In October 2018, the Space Council approved six recommendations to send to the president, which became part of Trump’s fourth Space Policy Directive. The recommendations lay the groundwork for the Space Force by establishing a new, unified space command as well as a new space technology procurement agency, and by initiating an interagency review of space capabilities. In addition, Pence said during his speech announcing the plan, the Space Council would work with the National Security Council to “remove red tape” around the rules of engagement in space, which could be construed as looking for a way around the insistence by the international Outer Space Treaty that all activities in space be peaceful. So what exactly is a Space Force? This is one of the foggier parts of the proposal. While it’s envisioned as a service branch like the Air Force, Army, Coast Guard, Marines and Navy that people could enlist and serve in, it’s not completely clear what those enlistees would be doing. It seems unlikely that the Space Force will be sending troops to space on a regular basis, if at all. Instead, it appears a Space Force would be much more focused on imposing military influence on current space traffic, which is mostly unmanned spacecraft (satellites, by and large), and also consolidating the way items in space are used to guide and assist military operations on the surface of the planet.Isn’t our military already doing things in and about space?Yes. The US military has been actively involved in space activities for decades. In the 1960s, at the same time that NASA was working toward a moon landing, the Air Force even had a parallel manned space program with its own astronauts, although none of them ever launched, as far as we know.Today, a significant portion of US military activities tied to space resides in the Air Force Space Command, headquartered in Colorado, with over 30,000 people worldwide and launch facilities in Florida and California. The command handles missions that include satellite communications, missile warning systems, global positioning systems, surveillance of space, and other projects like the secretive X-37B space plane. Now playing: Watch this: Tags Sci-Tech 12 Photos Target Military Space Donald Trump Share your voice Now playing: Watch this: The US is getting a Space Force 1:31 Will Trump’s Space Force really protect us all? Three months later, Trump made it clear he was serious. At a meeting of the National Space Council, he directed the Department of Defense to begin the process of forming a sixth branch of the military.”It is not enough to merely have an American presence in space,” Trump said. “We must have American dominance in space.” The president doesn’t have the authority to create a military service on his own. That’s a job for Congress, which last did so in 1947 when, with President Harry Truman’s signature, it spun the Air Force out of the Army. But Trump has been moving forward with the Pentagon and the National Space Council, chaired by Vice President Mike Pence, to develop and talk up a plan that includes both executive actions and a legislative proposal. 24 In August, President Trump tweeted “Space Force All The Way” in support of his proposed new military service. Could it serve as a motto for the branch? NASA/NOAA image with text by Amanda Kooser/CNET From the start, the name Space Force sounded like a punchline. It carried echoes of juvenile name-calling and Hollywood laugh lines. Space cadet. Spaceballs. Marvin the Martian’s Q-36 explosive space modulator.But despite the plans getting blasted by Twitter snark and inspiring a new Netflix comedy starring Steve Carell, President Donald Trump’s Space Force is serious business.The basic concept is a call to arms for a new way of dealing with military matters in Earth’s orbit. The Trump administration hopes to have a United States Space Force up and running by as soon as 2020, but politics could stand in the way of meeting that goal.The midterm elections of 2018 and resulting shift of power in the House of Representatives from Republican to Democratic control make it unlikely a whole new branch of the military will be created as Trump initially proposed. At least not until the next election.In the meantime, Trump formally reestablished the United States Space Command as a division within the Department of Defense on Aug. 29. Space Command is one of 11 unified combatant commands that oversee a certain geographical or functional area: United States European Command and Cyber Command are a few other examples of existing combatant commands.Space Command isn’t new; it was established in 1985 by President Reagan and went away when it was merged with US Strategic Command in 2002 following the terrorist attacks of Sept. 11, 2001.Trump said that reviving the command is a step towards creating his Space Force as a sixth military branch.Another idea from the White House is to create a Space Force that exists within the structure of the Air Force. On Feb. 19, President Trump signed Space Policy Directive 4 calling for the creation of a Space Force Department that will be under the purview of the Secretary of the Air Force. The directive specifically maintains the goal of eventually converting the new department into its own, sixth military branch. Even as a department within the Air Force, the new Space Force will still need to have its funding approved by Congress in an upcoming budget. Still, in just a few years, military recruiters could be looking to sign up America’s best and brightest for a brand new military duty that no one was talking about a year ago.Here are some key things to know about what exactly a Space Force might do and how this vision might turn into reality. How did this Space Force talk get started?The idea for a cosmic military branch seems to have begun as an aside by President Trump, who first used the term “space force” in public during an address to Marines in March 2018.”We’re doing a tremendous amount of work in space, and I said, ‘Maybe we need a new force. We’ll call it the Space Force,” Trump said during the speech. “I was not really serious, and then I said, What a great idea. Maybe we’ll have to do that.” Comments 1:16 X-37B: The space plane of mystery (pictures) A Pentagon memo obtained by Defense One indicates that the Trump administration’s original proposal for a sixth military branch had the Space Force absorbing the Naval Satellite Operations Center, the Navy’s Space and Naval Warfare Systems Command, parts of Air Force Space Command and the Army’s 1st Space Brigade, which was specifically created for “enabling the delivery of decisive combat power” and includes two astronauts who are basically on loan to NASA.Why do we need this? Pence has made the argument that space is a “war-fighting domain” and that other global powers like Russia and China are already treating it as such. That phrase echoes what some in the Air Force have been saying for months.The stakes are high. Much of our 21st-century economy and lifestyle — from bank transactions to weather forecasting to television service to the GPS directions guiding you on your vacation road trip — depends on satellites functioning round the clock and without interruption. The military depends on them too.But space right now is a bit like the Wild West, with a wide-ranging mix of government and commercial satellites, all of them sitting ducks. We’ve even seen an instance of target practice: In 2007, China shot down one of its own satellites — mission accomplished in its own right, it also littered orbit with potentially destructive space debris. Many saw the operation as a veiled display of military power. Is everyone on board with the idea?Definitely not. Since Trump’s aside in March of 2018, the notion of a Space Force has been a constant target of ridicule on social media, talk shows and sometimes even on CNET. More seriously, some analysts say the creation of a new military branch would weaken some of the other branches and lead to internal squabbling within the military. “When you create a new bureaucracy, that bureaucracy tends to focus on its own ends. That’s where the problems happen,” Dan Grazier, military fellow at the Center for Defense Information at the Project on Government Oversight, told SpaceNews. Trump’s own Air Force secretary, Heather Wilson, has been less than enthusiastic about the idea. Wilson signed a memo that estimated starting up a Space Force would cost $13 billion over five years, a figure dismissed by Pence and other Space Force boosters. Grazier argues that the cost could be significantly higher.But what was once a “not really serious” idea soon gained serious momentum, and even Wilson has since said publicly that she’s in “complete alignment” with the plan.But for a now a full-blown Space Force remains grounded on the doorstep of Congress.Originally published Oct. 27, 2018. Update, Jan. 16, 2019: Adds that Netflix will be producing a workplace comedy based on Space Force. Update, Feb. 19: Adds that the President signed a directive to create the Space Force within the Air Force.Update, Aug. 30: Adds formal establishment of US Space Command.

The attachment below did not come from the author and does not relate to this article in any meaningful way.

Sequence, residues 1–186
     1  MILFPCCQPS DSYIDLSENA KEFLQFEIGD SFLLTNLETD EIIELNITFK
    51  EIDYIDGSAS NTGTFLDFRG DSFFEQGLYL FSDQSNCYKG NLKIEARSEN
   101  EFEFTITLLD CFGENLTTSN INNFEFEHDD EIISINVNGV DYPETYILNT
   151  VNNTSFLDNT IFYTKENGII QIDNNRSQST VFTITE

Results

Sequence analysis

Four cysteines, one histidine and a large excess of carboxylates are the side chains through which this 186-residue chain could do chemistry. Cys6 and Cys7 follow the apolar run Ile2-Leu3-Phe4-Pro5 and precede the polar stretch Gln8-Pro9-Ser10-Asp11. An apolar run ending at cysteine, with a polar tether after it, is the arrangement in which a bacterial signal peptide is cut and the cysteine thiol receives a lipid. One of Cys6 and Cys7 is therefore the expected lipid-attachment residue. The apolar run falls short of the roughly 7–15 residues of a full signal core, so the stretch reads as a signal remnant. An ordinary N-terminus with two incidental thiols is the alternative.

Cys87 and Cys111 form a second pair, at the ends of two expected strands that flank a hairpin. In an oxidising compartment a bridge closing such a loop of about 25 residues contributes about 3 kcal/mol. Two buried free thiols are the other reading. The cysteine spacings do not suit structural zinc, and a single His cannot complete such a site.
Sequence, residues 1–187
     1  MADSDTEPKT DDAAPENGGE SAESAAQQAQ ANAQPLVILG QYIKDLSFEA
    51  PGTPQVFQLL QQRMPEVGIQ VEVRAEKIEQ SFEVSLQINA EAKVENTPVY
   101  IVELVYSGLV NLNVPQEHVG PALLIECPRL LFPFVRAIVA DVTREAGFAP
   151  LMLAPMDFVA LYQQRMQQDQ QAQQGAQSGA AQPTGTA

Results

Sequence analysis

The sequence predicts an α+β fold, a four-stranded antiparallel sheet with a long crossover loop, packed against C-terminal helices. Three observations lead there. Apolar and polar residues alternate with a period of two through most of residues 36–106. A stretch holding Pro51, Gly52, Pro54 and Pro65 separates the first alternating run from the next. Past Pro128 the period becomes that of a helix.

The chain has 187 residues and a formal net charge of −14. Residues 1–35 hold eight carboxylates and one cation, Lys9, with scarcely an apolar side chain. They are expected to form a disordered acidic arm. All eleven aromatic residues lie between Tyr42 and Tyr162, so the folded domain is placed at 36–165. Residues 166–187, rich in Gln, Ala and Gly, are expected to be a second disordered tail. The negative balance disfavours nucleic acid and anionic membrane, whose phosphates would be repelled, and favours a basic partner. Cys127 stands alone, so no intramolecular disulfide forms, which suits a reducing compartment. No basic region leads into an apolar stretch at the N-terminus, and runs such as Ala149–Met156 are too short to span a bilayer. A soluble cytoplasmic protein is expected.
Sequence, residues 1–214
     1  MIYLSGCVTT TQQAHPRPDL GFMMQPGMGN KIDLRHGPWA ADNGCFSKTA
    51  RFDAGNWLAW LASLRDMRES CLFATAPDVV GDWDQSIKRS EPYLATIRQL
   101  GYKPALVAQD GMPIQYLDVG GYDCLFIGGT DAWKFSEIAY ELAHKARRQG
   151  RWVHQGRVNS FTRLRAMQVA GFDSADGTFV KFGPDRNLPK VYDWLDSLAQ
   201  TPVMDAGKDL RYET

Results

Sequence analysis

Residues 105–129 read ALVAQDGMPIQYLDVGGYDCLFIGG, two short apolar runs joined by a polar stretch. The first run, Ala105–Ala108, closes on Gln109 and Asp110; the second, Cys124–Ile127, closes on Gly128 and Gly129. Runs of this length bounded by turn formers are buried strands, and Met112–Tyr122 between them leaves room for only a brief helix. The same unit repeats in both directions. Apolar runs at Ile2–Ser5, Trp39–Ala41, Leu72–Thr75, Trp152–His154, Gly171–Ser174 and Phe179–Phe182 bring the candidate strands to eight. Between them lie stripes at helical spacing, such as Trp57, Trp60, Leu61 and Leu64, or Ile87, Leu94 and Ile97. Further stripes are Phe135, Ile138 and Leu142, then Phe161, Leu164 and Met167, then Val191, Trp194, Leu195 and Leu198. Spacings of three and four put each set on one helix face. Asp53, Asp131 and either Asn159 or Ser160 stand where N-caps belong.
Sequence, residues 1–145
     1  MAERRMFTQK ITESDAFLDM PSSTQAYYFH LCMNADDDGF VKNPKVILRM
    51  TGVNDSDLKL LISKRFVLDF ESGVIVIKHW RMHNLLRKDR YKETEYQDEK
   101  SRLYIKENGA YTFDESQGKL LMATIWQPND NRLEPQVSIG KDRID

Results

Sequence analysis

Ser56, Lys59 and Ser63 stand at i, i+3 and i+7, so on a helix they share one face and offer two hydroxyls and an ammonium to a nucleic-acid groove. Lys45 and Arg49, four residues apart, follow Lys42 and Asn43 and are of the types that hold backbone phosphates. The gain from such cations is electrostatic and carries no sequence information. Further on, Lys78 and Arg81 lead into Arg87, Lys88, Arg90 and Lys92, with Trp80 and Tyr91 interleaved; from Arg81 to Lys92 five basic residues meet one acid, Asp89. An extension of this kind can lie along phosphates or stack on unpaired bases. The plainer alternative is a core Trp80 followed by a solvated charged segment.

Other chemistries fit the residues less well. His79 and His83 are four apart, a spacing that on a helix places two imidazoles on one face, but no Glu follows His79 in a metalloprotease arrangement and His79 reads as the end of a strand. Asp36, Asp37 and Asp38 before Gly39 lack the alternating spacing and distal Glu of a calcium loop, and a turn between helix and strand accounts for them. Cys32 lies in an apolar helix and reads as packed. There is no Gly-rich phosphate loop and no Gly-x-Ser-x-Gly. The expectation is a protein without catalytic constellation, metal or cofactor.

Ambassador of the United States of America (USA) Earl R Miller presents his credential to president M Abdul Hamid at a ceremony at Bangabhaban on Thursday afternoon. Photo: BSSAmbassador of the United States of America (USA) Earl R Miller presented his credential to president M Abdul Hamid at a ceremony at Bangabhaban on Thursday afternoon.Welcoming the new envoy, the president urged the ambassador to work for enhancing the commerce and investment relations between Bangladesh and USA, president’s press secretary Joynal Abedin briefed the newsmen this evening.The head of the state said the US is one of the development partners of Bangladesh and the relations between the two countries are enhancing day by day.During the meeting, Miller said the US always gives priority to develop ties with Bangladesh, the press secretary said.The ambassador emphasised that a strong US-Bangladesh relationship is needed in the interests of the United States and the American people, Bangladesh and the Bangladeshi people, as well as the regional and global community.Secretaries concerned to the president were present.Earlier, on his arrival at Bangabhaban, the US ambassador was given a guard of honour by a horse-mounted contingent of the president guard regiment (PGR). The national anthems of Bangladesh and USA were played on the occasion.